Temporal shifts in top-down vs. bottom-up control of epiphytic algae in a seagrass ecosystem

Authors

  • Matthew A. Whalen,

    1. Virginia Institute of Marine Science, College of William and Mary, P.O. Box 1346, Gloucester Point, Virginia 23062 USA
    Search for more papers by this author
    • Present address: Department of Evolution and Ecology, University of California, One Shields Avenue, Davis, California 95616 USA. E-mail: mawhalen@ucdavis.edu

  • J. Emmett Duffy,

    1. Virginia Institute of Marine Science, College of William and Mary, P.O. Box 1346, Gloucester Point, Virginia 23062 USA
    Search for more papers by this author
  • James B. Grace

    1. U.S. Geological Survey, National Wetlands Research Center, 700 Cajundome Boulevard, Lafayette, Louisiana 70506 USA
    Search for more papers by this author

  • Corresponding Editor: J. H. Grabowski.

Abstract

In coastal marine food webs, small invertebrate herbivores (mesograzers) have long been hypothesized to occupy an important position facilitating dominance of habitat-forming macrophytes by grazing competitively superior epiphytic algae. Because of the difficulty of manipulating mesograzers in the field, however, their impacts on community organization have rarely been rigorously documented. Understanding mesograzer impacts has taken on increased urgency in seagrass systems due to declines in seagrasses globally, caused in part by widespread eutrophication favoring seagrass overgrowth by faster-growing algae. Using cage-free field experiments in two seasons (fall and summer), we present experimental confirmation that mesograzer reduction and nutrients can promote blooms of epiphytic algae growing on eelgrass (Zostera marina). In this study, nutrient additions increased epiphytes only in the fall following natural decline of mesograzers. In the summer, experimental mesograzer reduction stimulated a 447% increase in epiphytes, appearing to exacerbate seasonal dieback of eelgrass. Using structural equation modeling, we illuminate the temporal dynamics of complex interactions between macrophytes, mesograzers, and epiphytes in the summer experiment. An unexpected result emerged from investigating the interaction network: drift macroalgae indirectly reduced epiphytes by providing structure for mesograzers, suggesting that the net effect of macroalgae on seagrass depends on macroalgal density. Our results show that mesograzers can control proliferation of epiphytic algae, that top-down and bottom-up forcing are temporally variable, and that the presence of macroalgae can strengthen top-down control of epiphytic algae, potentially contributing to eelgrass persistence.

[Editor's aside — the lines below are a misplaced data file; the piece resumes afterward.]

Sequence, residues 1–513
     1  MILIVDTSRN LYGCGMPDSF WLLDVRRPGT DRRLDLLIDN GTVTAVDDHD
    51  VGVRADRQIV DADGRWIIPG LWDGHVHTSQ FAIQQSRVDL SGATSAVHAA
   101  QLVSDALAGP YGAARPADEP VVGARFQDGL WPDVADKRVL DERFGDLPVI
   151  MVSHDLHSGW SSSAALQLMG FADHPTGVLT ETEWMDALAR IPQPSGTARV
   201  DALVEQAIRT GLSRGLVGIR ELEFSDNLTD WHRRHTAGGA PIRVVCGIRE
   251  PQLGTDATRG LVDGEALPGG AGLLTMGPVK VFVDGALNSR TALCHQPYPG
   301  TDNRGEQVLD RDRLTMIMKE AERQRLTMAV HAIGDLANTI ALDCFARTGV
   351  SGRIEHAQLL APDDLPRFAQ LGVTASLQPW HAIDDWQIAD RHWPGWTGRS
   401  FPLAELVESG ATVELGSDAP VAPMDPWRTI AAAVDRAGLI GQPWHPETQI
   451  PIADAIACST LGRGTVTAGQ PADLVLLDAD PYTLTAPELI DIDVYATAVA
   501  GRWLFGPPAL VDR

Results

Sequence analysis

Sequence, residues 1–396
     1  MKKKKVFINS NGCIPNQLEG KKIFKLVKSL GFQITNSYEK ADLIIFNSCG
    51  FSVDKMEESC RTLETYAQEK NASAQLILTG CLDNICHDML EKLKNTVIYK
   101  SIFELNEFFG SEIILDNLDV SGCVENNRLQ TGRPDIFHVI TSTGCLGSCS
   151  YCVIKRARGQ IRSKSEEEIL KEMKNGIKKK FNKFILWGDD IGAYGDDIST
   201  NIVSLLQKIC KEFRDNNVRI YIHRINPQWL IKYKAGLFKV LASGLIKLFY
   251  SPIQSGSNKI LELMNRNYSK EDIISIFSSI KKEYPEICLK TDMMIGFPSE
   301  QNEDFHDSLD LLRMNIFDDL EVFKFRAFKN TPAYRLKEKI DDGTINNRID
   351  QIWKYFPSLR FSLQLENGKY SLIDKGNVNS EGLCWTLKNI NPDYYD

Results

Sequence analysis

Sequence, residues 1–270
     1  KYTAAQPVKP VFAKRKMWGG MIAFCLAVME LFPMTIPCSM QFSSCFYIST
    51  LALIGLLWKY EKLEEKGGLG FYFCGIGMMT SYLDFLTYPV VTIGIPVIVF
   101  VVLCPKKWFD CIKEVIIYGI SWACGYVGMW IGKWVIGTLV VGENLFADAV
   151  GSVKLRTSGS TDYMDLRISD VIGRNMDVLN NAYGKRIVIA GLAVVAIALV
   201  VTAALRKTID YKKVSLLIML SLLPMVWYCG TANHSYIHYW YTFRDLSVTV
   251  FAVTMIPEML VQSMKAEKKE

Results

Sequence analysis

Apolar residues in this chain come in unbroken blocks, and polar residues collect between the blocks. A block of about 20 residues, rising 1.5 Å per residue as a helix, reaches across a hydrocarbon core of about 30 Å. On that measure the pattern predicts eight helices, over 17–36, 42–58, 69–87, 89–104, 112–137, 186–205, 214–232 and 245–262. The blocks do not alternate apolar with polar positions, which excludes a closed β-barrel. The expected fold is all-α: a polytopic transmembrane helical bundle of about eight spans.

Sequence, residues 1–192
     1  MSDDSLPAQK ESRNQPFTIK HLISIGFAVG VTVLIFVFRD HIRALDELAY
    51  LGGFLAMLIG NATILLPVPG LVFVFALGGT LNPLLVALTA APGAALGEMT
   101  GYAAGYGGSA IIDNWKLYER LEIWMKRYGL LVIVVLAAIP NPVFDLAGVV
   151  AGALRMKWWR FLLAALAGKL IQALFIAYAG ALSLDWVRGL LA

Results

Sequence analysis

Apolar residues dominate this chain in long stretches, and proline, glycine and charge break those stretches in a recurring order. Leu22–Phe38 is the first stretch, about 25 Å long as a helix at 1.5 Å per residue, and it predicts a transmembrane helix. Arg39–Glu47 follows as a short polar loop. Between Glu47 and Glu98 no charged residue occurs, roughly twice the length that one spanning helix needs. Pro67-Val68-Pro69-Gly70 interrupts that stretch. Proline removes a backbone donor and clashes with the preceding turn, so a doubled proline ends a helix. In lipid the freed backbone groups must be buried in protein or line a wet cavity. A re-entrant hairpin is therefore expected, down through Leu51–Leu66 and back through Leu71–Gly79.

Ancillary